Overall, net sales for cameras were down 2.6b yen, and operating income was down 5.1b yen. Net profit margin therefore shrank by about 25%. Nikon did not match last year's quarterly volume in DSLRs, lenses, or compact cameras. Overall, though, the camera business is now an astonishing 78.5% of Nikon's sales, though the full-year estimate predicts 71%. 

Nikon reduced their estimates for the full year (this was their first quarter report), much like I and others expected. 

Previous Estimates: 7.1m interchangeable lens cameras, 9.8m lenses, 14m compacts

New Estimates: 6.55m interchangeable lens cameras, 9.05m lenses, 11.5 compacts

Consider these statements, though:

  • "Nikon 1 represents the majority of sales volume reduction…[in] interchangeable-lens type digital cameras."
  • "Accelerate shifting [toward] newer products in the entry class of DSLR."
  • "[Will] not pursue sales volume and market share."
  • "Revise development plan for new compact DSC."
  • "Normalization of the channel inventory has been delayed." (A polite way of saying they have excess inventory, especially of discontinued models.)


Those statements are about as direct and as grim as any camera maker has made so far. 

Still, Nikon's forecasts say that they expect to capture 34% of the interchangeable lens camera market, 30% of the lens market, and 23% of the compact camera market. Those numbers are about where they are now. That means that if Nikon is right, a lot of the other more optimistic projections we've seen from the other camera companies are wrong. 

Nikon's estimate of the overall camera sales volume for the year is 69.5m units. That's within my projections, though a bit above the mid-point. As I've tried to point out for some time, this is a real market change, and not primarily due to economic slowdowns across the world: there simply is a lower demand for cameras. That's easy to see at the low end, where smartphones have essentially taken the market away, but household penetration of competent DSLRs is also near a max, meaning that we're back mostly into a replacement-type of market, not a new user growth market. 

After the financial report, Nikon executives began giving interviews to the press. Reuters is quoting Okamotos-san, President of the Imaging company as saying "In Europe and the US the ratio of mirrorless to SLRs hasn't grown at all, unlike in Asia, where it's quite popular with women because it's light."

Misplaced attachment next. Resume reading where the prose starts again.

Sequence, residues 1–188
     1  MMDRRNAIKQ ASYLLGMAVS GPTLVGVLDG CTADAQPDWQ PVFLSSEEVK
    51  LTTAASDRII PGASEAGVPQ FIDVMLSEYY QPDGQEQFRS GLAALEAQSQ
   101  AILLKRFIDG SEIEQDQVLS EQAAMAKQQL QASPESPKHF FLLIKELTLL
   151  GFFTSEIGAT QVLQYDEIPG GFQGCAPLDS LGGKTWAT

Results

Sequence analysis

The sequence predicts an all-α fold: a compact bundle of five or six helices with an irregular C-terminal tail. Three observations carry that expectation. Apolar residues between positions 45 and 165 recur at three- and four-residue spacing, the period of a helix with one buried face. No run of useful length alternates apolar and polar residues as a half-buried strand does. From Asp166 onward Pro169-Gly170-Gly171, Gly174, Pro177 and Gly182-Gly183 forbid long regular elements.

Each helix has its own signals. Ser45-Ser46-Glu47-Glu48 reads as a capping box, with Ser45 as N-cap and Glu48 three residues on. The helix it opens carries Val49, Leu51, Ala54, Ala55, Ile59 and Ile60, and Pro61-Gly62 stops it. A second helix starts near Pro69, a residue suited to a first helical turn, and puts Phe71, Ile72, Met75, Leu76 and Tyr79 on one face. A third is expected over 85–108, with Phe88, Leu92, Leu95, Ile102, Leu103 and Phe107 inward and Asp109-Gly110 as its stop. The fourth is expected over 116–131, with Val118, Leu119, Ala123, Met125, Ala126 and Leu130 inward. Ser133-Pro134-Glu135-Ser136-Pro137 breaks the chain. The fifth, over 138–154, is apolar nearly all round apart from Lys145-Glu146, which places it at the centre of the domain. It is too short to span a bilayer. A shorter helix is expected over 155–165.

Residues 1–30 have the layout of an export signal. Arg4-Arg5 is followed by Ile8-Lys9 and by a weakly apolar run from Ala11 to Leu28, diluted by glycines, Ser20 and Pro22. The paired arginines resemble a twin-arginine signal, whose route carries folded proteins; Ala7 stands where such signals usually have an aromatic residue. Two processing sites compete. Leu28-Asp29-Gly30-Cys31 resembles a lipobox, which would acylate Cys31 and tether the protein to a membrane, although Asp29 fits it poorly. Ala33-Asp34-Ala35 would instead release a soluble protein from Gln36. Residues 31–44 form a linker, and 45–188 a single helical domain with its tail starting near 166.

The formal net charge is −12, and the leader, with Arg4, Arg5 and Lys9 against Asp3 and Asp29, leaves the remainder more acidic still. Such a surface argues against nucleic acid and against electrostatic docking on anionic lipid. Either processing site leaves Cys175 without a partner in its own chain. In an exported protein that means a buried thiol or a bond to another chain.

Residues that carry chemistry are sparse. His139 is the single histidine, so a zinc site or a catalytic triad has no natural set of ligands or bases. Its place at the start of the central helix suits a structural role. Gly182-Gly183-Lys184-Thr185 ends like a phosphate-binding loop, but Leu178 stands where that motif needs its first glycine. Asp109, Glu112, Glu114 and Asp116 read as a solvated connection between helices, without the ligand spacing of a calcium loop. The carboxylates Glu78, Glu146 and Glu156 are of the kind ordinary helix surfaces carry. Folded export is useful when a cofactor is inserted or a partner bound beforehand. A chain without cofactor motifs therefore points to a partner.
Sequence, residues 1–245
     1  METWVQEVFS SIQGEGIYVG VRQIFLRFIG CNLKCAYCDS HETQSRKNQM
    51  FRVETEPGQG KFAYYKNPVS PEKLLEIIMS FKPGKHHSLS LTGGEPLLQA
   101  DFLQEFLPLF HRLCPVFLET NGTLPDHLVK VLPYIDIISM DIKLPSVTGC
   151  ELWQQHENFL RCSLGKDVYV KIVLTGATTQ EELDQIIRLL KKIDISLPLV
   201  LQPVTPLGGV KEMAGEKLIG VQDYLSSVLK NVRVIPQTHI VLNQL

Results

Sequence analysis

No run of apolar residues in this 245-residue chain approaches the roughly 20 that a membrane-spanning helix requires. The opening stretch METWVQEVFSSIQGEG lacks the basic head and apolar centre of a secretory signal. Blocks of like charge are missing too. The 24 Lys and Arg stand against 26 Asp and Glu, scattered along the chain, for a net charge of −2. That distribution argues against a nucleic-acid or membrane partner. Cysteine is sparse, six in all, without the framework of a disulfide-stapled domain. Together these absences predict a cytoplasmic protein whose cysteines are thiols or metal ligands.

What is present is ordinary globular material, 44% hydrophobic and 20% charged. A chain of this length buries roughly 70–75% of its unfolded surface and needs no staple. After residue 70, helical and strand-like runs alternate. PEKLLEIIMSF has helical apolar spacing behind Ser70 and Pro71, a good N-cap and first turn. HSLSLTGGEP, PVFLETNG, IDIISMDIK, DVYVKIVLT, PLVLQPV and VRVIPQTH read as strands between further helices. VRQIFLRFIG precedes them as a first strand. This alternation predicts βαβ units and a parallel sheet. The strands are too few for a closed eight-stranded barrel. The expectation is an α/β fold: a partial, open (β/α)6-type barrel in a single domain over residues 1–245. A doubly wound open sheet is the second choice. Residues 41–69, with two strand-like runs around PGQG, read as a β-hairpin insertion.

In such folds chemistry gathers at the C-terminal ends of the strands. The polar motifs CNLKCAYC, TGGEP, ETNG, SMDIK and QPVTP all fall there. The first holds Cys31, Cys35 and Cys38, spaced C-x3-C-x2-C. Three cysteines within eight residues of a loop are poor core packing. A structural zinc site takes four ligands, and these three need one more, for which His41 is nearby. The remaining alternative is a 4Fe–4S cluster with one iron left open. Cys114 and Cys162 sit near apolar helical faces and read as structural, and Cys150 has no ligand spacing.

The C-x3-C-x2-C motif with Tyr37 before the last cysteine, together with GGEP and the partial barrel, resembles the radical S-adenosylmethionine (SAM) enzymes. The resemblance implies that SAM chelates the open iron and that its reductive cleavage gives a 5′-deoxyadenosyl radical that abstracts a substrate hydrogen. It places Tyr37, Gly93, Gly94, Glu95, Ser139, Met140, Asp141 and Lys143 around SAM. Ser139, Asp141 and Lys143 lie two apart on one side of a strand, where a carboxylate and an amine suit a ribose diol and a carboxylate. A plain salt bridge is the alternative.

It seems clear that Nikon wants to push consumer DSLRs in most of the Western world, while rethinking the mirrorless mix it is putting into Asia. Nikon also appears to be trying to hold market share in compacts for the time being without differentiating or producing something different. 

One other point: plugging Nikon's new numbers into my analysis spreadsheet, I come up with another astonishing figure: it's likely that 80% of the Imaging group's sales numbers came from DSLRs and lenses (a bit less than Canon's). Why is that astonishing? Do the math: in the quarter that means that over 60% of Nikon's revenue company-wide came from interchangeable lens cameras and lenses. Nikon is not only mostly a camera company, they are mostly a DSLR company. Nikon has no choice but to try to shore up that part of the business and make it robust and capable of surviving further storms. Yes, Nikon's DSLRs are good, but there are vulnerabilities in much of the line that need to be shored up.

Nikon stock was down about 1.5% for the day and is now down 30% for the year (Canon is down 20% for the year).

At this point, the forward forecasts for Canon and Olympus, in particular, look optimistic. Nikon's forecast seems more realistic, but sobering. Take a look again at the chart that kicks this article off. That's the marketplace that camera makers are trying to make gains in. Any gain. It's a rough playing field now, and it's going to take something dramatic to change that.